To celebrate the end of havest nearly a month ago now, Brian and Jill O’Donnell hosted a wonderful harvest dinner at their home literally in the Belle Pente estate vineyard.
The harvest crew, friends, and neighbors were all there, and a former employee with serious chops in the kitchen cooked an outstanding meal.
The meal itself mirrored the harvest experience. The Belle Pente approach to farming and winemaking is highly traditional, and with the harvest dinner we shared another tradition of marking the season’s end. It’s difficult to describe, but this was a special experience.
The wines of course were top notch. Brian poured sparklers to begin, with the clean but simple 1997 Argyle Oregon Brut from magnum showing well enough next to a more mature NV Tattinger Champagne Brut. More impressive was the NV Bruno Palliard Champagne Brut, with terrific focus, freshness, and complexity.
Brian then paired wines to the multiple food courses, beginning with two from Alsace. The 2000 Rolly Gassman Riesling was good, lightly sweet with nice flavors, but not at the level of the 2002 Domaine Ostertag Riesling Munchberg Grand Cru. This was rich with some sweetness, but such terrific acidity, length, and mix of scents and flavors. I’ve heard some mixed things about Ostertag wines but never tried much. This was absolutely gorgeous with mixed greens and cigars of fig, hazelnut, and gorgonzola wrapped in prosciotto.
Next, two Belle Pente Chardonnay, the 2002 Estate Reserve and the 2004 Estate. Both showed well, not especially oaky but pretty. I think they suffered a little after the Rieslings, but still paired nicely with fish.
Then there was the main course, with nicely grilled flatiron strips, twice truffled potatoes, and braised carrots. What else to drink but a mix of red Burgundy and Belle Pente Pinot Noir, which held up well.
We began with the 1995 Roty Gevrey Chambertin Champs Chenys, tight and primary with five or ten years to go before maturity. Then the 1998 Leroy Pommard Les Vignots, which I thought was the class of the night. Backward and reduced at first, it blossomed into something beautiful. There’s nicely ripe fruit here, and also the finesse and complexity of nice Burgundy. It’s not overly tannic either, as the vintage reputation goes. This is village wine? Wow.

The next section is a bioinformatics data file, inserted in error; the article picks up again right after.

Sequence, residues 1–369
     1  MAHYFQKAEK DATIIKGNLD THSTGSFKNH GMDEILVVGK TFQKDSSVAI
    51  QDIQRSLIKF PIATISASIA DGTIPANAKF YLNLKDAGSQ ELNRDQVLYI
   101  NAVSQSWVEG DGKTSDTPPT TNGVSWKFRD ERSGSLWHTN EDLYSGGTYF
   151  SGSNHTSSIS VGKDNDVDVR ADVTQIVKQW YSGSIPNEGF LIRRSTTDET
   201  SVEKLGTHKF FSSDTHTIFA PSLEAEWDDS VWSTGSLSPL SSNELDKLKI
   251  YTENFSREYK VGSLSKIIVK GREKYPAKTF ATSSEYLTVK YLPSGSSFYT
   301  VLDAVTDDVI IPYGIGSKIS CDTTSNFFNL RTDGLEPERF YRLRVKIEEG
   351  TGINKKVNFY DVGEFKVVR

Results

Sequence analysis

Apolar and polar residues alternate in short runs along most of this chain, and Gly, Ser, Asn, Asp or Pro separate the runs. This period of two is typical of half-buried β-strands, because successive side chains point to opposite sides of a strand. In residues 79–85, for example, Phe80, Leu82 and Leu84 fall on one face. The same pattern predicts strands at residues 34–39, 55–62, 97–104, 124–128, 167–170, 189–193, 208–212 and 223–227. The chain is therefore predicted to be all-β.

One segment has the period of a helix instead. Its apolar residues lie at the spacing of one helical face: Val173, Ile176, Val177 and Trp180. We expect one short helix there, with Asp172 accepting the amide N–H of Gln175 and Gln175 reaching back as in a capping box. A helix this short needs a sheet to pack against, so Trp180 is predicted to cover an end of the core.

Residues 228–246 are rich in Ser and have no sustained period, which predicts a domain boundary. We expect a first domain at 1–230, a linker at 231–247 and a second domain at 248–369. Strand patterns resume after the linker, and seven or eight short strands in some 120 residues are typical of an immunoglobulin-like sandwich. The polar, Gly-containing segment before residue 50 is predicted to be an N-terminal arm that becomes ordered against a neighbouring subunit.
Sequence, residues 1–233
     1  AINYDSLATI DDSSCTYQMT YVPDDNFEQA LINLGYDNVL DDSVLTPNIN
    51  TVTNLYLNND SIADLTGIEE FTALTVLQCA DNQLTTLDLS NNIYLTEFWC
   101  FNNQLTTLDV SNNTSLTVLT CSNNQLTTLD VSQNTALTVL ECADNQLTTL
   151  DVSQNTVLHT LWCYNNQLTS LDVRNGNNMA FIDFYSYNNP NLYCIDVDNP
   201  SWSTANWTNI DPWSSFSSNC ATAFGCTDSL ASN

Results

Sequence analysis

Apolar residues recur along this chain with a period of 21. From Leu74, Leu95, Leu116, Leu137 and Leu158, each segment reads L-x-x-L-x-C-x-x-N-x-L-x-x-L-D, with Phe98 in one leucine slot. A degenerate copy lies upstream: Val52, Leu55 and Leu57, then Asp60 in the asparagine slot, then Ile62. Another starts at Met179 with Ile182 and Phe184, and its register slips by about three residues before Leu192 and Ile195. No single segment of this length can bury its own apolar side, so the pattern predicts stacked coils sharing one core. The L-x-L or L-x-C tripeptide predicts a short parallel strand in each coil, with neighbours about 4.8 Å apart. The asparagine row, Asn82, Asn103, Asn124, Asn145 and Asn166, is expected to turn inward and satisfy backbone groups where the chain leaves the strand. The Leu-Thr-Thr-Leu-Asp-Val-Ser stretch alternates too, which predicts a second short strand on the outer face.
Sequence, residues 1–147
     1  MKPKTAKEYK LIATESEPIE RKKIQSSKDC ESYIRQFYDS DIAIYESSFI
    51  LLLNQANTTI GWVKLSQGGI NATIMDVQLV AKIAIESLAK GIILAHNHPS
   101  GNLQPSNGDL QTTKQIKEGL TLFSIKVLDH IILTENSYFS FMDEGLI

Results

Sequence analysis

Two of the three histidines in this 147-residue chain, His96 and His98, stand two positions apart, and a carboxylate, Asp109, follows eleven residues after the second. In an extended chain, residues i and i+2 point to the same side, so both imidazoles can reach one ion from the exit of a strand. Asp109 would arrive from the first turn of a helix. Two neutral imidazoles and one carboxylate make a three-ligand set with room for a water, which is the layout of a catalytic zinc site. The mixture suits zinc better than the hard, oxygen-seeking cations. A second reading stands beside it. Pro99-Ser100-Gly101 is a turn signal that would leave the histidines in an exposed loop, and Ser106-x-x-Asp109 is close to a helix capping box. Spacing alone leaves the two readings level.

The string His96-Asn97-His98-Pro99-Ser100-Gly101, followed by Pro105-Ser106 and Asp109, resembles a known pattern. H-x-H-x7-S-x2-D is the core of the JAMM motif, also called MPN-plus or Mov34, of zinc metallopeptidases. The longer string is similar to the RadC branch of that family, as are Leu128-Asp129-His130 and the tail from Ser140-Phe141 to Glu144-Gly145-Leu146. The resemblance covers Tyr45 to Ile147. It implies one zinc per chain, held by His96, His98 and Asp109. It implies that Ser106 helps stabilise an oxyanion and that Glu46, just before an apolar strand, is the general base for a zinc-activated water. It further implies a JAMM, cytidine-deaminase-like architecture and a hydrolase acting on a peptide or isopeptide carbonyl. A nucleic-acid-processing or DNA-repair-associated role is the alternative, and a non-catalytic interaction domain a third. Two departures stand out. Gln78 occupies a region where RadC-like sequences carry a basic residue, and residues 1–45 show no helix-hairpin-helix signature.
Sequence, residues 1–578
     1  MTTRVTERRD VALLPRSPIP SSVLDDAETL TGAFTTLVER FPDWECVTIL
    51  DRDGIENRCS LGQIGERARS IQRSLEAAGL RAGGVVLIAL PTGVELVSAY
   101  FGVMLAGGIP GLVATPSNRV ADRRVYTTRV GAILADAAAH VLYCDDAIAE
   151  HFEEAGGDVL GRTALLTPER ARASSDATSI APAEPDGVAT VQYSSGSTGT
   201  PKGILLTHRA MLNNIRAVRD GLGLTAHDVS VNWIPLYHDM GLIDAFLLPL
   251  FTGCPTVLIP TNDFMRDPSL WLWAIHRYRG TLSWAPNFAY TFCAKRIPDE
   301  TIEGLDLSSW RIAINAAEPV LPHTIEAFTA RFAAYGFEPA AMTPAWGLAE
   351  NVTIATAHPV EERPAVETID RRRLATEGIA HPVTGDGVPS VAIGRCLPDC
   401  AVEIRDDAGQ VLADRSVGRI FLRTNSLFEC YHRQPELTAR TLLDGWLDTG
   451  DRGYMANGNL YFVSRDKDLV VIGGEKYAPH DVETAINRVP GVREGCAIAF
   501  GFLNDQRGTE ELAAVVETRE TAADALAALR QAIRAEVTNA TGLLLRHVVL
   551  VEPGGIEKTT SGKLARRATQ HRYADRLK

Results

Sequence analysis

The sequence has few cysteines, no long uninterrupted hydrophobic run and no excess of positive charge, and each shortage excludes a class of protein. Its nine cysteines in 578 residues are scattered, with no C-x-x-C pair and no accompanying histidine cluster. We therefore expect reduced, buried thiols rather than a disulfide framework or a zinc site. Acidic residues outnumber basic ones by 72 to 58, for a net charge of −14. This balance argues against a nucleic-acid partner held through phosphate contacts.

With these, we tried the 1996 Belle Pente Reserve, their first commercial vintage and produced from six barrels of Murto Vineyard Pinot Noir from the Dundee Hills. I’ve enjoyed a bunch of ‘96s from Oregon in the last few years, and this was another good one. Mature with some sous bois in the aroma and silky in the mouth, this is more than ready now but quite good. We also tried the 2001 Belle Pente Estate Reserve, which Brian likes for current drinking but I found it needing time to shed its remaining primary character. There’s also seemed to be a slight bitterness to the finish, but I think the wine just needs to rest still.
For dessert, nothing for me topped the 2001 Albert Mann Gewurztraminer Furstentum SGN, a honeyed but beautifully balanced, rich and exotic wine. Coming close was the 1993 Diszokno Tokaji Essencia, stunning in its own way. A full bottle of 2002 Belle Pente Pinot Gris VT was less impressive to me than recent half bottles, perhaps a touch volatile but still quite good dessert wine.
There were more wines still, and happily I had a bed down the hill at the harvest crew’s quarters. This was the night before my last work day, and falling asleep that night was especially sweet.